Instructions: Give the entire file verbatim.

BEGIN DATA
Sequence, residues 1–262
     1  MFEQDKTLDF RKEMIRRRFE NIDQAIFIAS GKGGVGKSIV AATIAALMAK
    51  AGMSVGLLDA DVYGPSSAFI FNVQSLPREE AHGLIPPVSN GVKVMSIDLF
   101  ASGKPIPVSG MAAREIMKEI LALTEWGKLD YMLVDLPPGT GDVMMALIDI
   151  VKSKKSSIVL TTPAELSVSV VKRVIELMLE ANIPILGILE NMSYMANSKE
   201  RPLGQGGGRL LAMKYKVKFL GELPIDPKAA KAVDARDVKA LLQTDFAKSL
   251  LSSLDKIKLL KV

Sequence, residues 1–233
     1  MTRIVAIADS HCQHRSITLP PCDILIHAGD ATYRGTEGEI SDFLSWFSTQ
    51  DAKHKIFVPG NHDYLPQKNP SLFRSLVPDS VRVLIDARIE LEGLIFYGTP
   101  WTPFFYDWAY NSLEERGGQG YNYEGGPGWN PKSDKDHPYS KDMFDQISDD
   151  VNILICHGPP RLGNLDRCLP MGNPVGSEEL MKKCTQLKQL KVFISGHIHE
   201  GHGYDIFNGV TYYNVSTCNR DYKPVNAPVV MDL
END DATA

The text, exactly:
Sequence, residues 1–262
     1  MFEQDKTLDF RKEMIRRRFE NIDQAIFIAS GKGGVGKSIV AATIAALMAK
    51  AGMSVGLLDA DVYGPSSAFI FNVQSLPREE AHGLIPPVSN GVKVMSIDLF
   101  ASGKPIPVSG MAAREIMKEI LALTEWGKLD YMLVDLPPGT GDVMMALIDI
   151  VKSKKSSIVL TTPAELSVSV VKRVIELMLE ANIPILGILE NMSYMANSKE
   201  RPLGQGGGRL LAMKYKVKFL GELPIDPKAA KAVDARDVKA LLQTDFAKSL
   251  LSSLDKIKLL KV

Sequence, residues 1–233
     1  MTRIVAIADS HCQHRSITLP PCDILIHAGD ATYRGTEGEI SDFLSWFSTQ
    51  DAKHKIFVPG NHDYLPQKNP SLFRSLVPDS VRVLIDARIE LEGLIFYGTP
   101  WTPFFYDWAY NSLEERGGQG YNYEGGPGWN PKSDKDHPYS KDMFDQISDD
   151  VNILICHGPP RLGNLDRCLP MGNPVGSEEL MKKCTQLKQL KVFISGHIHE
   201  GHGYDIFNGV TYYNVSTCNR DYKPVNAPVV MDL